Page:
Sending a LinkedIn connection request is just a modern version of a very old phenomenon.

In the 80s, a Filofax was all you needed to grow your professional network. Back in the 19th century, the cutting edge of networking technology was the business card. In the stone age, you probably just threw a rock at someone.

We all want to connect with people. But with the modern ability to connect with thousands of people from all corners of the world, competition is fierce. You need to think about your approach carefully. Here’s a rundown of the different strategies you can adopt, ending with a message template to send requests that connect.

 

Update your profile

Before you send a single connection request message, audit your LinkedIn profile. Make sure people will land on a perfect profile when they check you out.

Do everything you can to make your profile look interesting and recently updated. Showcase examples of your work and add your employment history, education, qualifications and certificates.

Skill endorsements are useful, but personal recommendations really make a profile stand out. These really build a picture of who you are as a professional.

Connect with people you know

Let’s start with the most obvious place – people you already know. 

Rack your brain for old classmates, former colleagues, anyone you have known in your academic or professional life.

People you used to know might now be useful connections – the kid who was unbeatable on Mario Kart might have founded a growing tech startup.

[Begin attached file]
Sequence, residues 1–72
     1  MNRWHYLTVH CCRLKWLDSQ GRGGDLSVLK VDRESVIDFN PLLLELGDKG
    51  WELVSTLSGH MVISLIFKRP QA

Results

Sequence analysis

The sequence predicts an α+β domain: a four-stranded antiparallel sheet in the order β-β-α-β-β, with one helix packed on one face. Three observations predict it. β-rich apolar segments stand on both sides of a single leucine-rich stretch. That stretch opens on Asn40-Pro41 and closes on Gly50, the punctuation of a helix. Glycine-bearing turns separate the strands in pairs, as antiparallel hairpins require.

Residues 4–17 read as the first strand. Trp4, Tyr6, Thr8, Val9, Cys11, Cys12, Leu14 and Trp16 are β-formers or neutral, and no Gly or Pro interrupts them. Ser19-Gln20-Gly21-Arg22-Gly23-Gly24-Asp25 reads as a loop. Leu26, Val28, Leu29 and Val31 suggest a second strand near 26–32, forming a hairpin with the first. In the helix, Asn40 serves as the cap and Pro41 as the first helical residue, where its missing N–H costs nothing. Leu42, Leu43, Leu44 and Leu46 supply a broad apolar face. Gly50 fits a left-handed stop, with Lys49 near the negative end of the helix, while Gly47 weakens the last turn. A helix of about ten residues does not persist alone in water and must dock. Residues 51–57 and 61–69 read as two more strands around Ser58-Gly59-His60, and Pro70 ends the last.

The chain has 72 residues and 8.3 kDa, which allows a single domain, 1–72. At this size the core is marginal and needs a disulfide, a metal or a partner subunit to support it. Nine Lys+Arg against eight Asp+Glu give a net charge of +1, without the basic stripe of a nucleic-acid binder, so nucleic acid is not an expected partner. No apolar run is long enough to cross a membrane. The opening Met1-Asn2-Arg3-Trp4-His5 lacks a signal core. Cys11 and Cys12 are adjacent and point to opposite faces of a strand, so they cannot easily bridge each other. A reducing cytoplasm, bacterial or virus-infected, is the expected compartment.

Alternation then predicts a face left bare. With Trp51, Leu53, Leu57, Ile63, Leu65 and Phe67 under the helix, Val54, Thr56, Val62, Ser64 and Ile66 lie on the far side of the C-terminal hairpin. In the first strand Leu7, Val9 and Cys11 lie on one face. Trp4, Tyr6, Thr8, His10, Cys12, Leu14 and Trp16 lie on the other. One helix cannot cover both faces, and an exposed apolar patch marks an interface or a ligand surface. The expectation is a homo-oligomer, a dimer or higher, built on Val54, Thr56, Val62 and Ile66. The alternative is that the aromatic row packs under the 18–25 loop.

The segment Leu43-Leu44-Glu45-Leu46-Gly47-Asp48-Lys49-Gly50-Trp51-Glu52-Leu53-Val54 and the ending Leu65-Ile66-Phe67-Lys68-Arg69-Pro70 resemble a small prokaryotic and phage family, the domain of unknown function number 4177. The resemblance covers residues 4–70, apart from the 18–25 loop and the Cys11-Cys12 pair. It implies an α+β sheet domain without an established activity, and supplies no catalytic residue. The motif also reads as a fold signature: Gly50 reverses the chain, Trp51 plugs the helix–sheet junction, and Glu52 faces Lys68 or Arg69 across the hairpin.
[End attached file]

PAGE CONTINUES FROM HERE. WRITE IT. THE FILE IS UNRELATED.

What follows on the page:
As well as potential connection gems, simply growing your network will help you in the long term: more people will see and interact with your posts, helping you grow further. 

You’ll also start to increase the number of users who you have a mutual connection with. Again, this should help growth in the future.

A screenhot of LinkedIn during account setup

These people can be from any part of your academic or professional life. You can quickly rack up a few connection requests from the following areas:

  • School/College/University
  • Previous employment
  • Current colleagues
  • Freelance clients
  • Professional courses you’ve taken
  • Following networking events

Connect with people you actually want to know

You can also connect with people you don’t know personally.  

This is where you need to be careful. Make sure you have a fine-tuned set of tactics and know who they are and why you are connecting with them.

Don’t spam

Before you try out any of the following suggestions, remember the first rule of LinkedIn connection requests… don’t spam people. 

Whatever you do, don’t send out hundreds of requests to people you don’t know, without adding a personalised message. 

Everybody with an email address is fed up with receiving the most boring message of the modern age: “I’d like to add you to my professional network on LinkedIn.”

Firstly, it won’t help to grow your network. Second, it may well alienate you from people you one day meet and genuinely want to connect with. And finally, it may get you flagged as a spammer.

Screenshot of an invitation to connect on LinkedIn

When someone clicks Ignore on a connection request, they are presented with the option to say they don’t know the requester.

This prevents you from firing off another invitation to the same person in the future. Worse still, if too many people click the option, you could be restricted from sending invitations to connect with other people.

Connect with suggestions

Navigate to the My Network screen, and you will not only see suggestions from your school and employers.

LinkedIn also provides suggestions based on the area you live in, people with similar roles to you, professionals in the same industry, and people in the same groups as you.

A screenshot of LinkedIn's suggested connection requests, featuring people you may know